# Proving the product rule for limits

Proof: $\lim_{x \to a} f(x)g(x) = \lim_{x \to a} f(x) \lim_{x \to a} g(x)$

Let $L_1 = \lim_{x \to a} f(x)$ and $L_2 = \lim_{x \to a} g(x)$. We assume $L_1, L_2 \neq 0$ (for scenarios where $L_1$ or $L_2$ are $0$, the result is trivially true).

Let $\epsilon > 0$. We need a $\delta$ such that $|f(x)g(x) - L_1L_2| < \epsilon$ whenever $0 < |x-a| < \delta$.

We can rewrite

\begin{align}|f(x)g(x) - L_1L_2| &= |(f(x)-L_1)(g(x)-L_2) + L_1(g(x)-L_2) + L_2(f(x)-L_1)| \\ &\leq |f(x)-L_1||g(x)-L_2| + |L_1||g(x)-L_2| + |L_2||f(x)-L_1| \\ &< \epsilon\end{align}

by triangle inequality.

Let $\delta_1 > 0$ such that $|f(x)-L_1| < \sqrt{\frac{\epsilon}{3}}$ whenever $0 < |x-a| < \delta_1$.

Let $\delta_2 > 0$ such that $|g(x)-L_2| < \sqrt{\frac{\epsilon}{3}}$ whenever $0 < |x-a| < \delta_2$.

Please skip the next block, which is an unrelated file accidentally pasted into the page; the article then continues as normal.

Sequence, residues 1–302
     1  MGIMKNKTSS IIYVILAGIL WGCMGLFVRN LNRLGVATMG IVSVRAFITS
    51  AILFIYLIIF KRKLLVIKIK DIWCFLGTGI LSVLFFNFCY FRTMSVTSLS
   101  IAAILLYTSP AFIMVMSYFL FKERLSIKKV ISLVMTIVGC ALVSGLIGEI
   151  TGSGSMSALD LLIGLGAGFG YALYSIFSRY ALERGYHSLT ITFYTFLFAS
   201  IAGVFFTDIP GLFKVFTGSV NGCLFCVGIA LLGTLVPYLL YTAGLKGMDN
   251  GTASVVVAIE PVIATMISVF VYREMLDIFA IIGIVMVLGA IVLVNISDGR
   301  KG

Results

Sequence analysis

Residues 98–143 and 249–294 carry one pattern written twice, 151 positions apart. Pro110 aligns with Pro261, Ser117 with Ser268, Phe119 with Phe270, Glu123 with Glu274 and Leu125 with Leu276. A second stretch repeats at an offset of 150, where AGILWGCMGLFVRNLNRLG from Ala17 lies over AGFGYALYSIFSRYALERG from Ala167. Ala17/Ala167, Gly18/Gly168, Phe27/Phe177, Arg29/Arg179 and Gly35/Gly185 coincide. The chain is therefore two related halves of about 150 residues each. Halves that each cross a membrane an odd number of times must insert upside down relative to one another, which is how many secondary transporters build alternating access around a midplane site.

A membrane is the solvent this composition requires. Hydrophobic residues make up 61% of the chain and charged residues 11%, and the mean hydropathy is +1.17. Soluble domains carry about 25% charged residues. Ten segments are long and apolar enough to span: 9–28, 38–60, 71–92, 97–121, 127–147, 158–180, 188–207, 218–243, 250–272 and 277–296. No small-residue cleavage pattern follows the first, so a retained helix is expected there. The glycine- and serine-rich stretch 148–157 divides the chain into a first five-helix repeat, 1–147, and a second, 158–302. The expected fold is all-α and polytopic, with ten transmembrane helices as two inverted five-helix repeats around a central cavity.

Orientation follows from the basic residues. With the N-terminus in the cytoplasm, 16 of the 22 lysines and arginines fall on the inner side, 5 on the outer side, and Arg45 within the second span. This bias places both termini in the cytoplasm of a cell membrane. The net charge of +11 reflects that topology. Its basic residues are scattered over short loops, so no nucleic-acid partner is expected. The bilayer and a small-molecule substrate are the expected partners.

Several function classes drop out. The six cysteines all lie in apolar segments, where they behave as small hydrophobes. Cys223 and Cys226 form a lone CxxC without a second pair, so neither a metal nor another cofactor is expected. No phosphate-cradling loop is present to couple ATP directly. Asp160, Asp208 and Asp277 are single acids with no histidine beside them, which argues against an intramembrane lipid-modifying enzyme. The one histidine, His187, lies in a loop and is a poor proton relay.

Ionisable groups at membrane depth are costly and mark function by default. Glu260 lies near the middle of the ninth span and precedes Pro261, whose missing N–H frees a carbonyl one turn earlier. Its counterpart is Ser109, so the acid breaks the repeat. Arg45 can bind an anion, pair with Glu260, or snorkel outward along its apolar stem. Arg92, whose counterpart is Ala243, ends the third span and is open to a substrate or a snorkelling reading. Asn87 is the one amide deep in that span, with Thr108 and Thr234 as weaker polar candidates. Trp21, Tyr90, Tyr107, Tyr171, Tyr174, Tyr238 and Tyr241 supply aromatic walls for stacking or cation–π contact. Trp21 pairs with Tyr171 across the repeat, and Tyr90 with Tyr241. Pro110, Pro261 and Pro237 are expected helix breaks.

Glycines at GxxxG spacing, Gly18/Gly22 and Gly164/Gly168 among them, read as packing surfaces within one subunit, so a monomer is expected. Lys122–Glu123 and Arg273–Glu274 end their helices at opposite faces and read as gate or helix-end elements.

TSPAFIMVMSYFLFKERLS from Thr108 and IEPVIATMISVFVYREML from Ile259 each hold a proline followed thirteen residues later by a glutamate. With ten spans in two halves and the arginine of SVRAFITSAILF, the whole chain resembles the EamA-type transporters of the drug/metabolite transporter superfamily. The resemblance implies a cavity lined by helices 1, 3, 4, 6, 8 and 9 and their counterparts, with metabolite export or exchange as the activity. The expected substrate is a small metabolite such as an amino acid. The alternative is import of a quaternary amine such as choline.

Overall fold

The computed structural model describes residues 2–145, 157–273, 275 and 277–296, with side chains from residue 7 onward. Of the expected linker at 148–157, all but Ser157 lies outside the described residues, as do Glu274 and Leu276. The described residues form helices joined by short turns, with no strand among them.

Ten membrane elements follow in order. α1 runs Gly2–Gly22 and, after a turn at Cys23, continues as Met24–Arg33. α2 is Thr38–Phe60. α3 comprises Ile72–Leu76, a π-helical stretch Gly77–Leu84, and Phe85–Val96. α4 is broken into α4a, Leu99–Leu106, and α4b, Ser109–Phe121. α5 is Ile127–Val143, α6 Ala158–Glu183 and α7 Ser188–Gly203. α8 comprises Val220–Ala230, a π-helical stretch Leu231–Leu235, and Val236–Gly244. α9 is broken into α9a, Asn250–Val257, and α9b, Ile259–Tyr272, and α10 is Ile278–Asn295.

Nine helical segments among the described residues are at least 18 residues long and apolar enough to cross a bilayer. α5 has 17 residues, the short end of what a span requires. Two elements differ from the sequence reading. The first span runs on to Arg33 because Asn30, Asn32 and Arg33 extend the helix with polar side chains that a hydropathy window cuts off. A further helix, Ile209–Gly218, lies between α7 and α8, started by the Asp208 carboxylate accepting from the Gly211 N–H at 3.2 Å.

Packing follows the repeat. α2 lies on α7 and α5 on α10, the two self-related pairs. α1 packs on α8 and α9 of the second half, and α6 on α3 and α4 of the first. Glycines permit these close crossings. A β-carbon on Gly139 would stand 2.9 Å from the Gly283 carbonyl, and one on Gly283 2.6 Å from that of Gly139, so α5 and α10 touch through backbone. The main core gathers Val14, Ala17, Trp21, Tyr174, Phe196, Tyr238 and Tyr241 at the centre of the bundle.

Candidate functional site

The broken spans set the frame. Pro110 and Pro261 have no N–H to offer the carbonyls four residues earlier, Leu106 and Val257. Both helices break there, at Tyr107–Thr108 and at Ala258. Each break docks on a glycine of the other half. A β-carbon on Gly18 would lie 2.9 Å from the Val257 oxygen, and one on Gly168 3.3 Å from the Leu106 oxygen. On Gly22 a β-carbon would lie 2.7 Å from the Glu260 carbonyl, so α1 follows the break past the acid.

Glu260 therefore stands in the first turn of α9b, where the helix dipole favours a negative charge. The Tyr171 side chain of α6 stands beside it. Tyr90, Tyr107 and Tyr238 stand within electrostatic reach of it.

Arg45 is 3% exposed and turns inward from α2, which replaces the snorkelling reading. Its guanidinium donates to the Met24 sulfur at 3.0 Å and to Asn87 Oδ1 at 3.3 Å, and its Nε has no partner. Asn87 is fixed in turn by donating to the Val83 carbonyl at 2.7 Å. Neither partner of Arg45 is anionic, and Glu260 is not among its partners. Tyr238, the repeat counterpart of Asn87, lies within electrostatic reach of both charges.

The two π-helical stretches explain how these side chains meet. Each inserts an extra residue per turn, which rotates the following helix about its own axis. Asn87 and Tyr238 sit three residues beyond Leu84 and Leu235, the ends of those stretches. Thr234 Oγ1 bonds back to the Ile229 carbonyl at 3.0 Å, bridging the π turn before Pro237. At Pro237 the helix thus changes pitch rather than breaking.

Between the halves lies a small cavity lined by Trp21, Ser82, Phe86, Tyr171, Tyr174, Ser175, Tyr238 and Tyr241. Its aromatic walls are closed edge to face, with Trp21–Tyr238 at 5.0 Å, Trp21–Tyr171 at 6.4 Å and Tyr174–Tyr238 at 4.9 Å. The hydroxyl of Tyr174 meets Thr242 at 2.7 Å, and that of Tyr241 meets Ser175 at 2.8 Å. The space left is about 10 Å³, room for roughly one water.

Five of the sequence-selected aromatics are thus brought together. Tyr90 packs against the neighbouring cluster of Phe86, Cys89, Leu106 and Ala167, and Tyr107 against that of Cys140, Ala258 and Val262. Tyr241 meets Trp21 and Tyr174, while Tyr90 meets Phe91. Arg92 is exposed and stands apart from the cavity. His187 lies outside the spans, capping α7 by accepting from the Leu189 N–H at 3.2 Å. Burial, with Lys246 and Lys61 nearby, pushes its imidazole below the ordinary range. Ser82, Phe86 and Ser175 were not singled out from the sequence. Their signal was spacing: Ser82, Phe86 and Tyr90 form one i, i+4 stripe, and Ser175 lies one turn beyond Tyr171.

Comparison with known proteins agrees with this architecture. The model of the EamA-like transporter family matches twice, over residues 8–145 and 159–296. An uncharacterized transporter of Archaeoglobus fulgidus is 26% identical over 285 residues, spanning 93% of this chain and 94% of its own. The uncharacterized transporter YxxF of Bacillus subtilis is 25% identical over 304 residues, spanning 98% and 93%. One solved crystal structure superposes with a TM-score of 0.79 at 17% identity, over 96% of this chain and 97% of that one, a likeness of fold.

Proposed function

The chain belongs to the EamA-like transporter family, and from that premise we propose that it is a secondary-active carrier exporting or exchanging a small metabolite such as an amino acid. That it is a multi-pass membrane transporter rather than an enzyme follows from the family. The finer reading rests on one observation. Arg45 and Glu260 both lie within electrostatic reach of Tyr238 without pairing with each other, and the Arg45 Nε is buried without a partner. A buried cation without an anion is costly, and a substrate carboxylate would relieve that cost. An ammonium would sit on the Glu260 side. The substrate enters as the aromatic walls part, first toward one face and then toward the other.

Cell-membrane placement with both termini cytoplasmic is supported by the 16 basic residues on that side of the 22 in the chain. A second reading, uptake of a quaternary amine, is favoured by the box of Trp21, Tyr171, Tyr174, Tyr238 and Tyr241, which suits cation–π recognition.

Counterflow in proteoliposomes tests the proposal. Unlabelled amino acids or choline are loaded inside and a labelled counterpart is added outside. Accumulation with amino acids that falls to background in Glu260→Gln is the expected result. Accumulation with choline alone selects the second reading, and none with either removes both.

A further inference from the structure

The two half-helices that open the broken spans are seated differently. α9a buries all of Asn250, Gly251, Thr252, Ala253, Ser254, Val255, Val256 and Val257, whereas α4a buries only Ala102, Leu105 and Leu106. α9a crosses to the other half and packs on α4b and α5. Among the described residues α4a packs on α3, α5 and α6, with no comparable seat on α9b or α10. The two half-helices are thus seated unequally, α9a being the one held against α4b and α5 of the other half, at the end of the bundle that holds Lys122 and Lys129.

Let $\delta_3 > 0$ such that $|g(x)-L_2| < \frac{\epsilon}{3|L_1|}$ whenever $0 < |x-a| < \delta_3$.

Let $\delta_4 > 0$ such that $|f(x)-L_1| < \frac{\epsilon}{3|L_2|}$ whenever $0 < |x-a| < \delta_4$.

Suppose that $0 < |x-a| < \delta$ where $\delta = \min(\delta_1, \delta_2, \delta_3, \delta_4)$. Then we have:

\begin{align}|f(x)-L_1||g(x)-L_2| &+ |L_1||g(x)-L_2| + |L_2||f(x)-L_1| \\&< \sqrt{\frac{\epsilon}{3}} \cdot \sqrt{\frac{\epsilon}{3}} + |L_1|\frac{\epsilon}{3|L_1|} + |L_2|\frac{\epsilon}{3|L_2|} \\&= \epsilon \end{align}

Is this a correct proof?

your proof of the essential point seems flawless. one might only raise one small quibble: the statement of what you are proving is a little imprecise. suppose $f(x)=x$ and $g(x)=\frac1x$. then $\forall x.f(x)g(x)=1$ so
$$\lim_{x \to 0} f(x)g(x) = 1$$ but what is $\lim_{x\to 0}f(x) \lim_{x \to 0}g(x)$?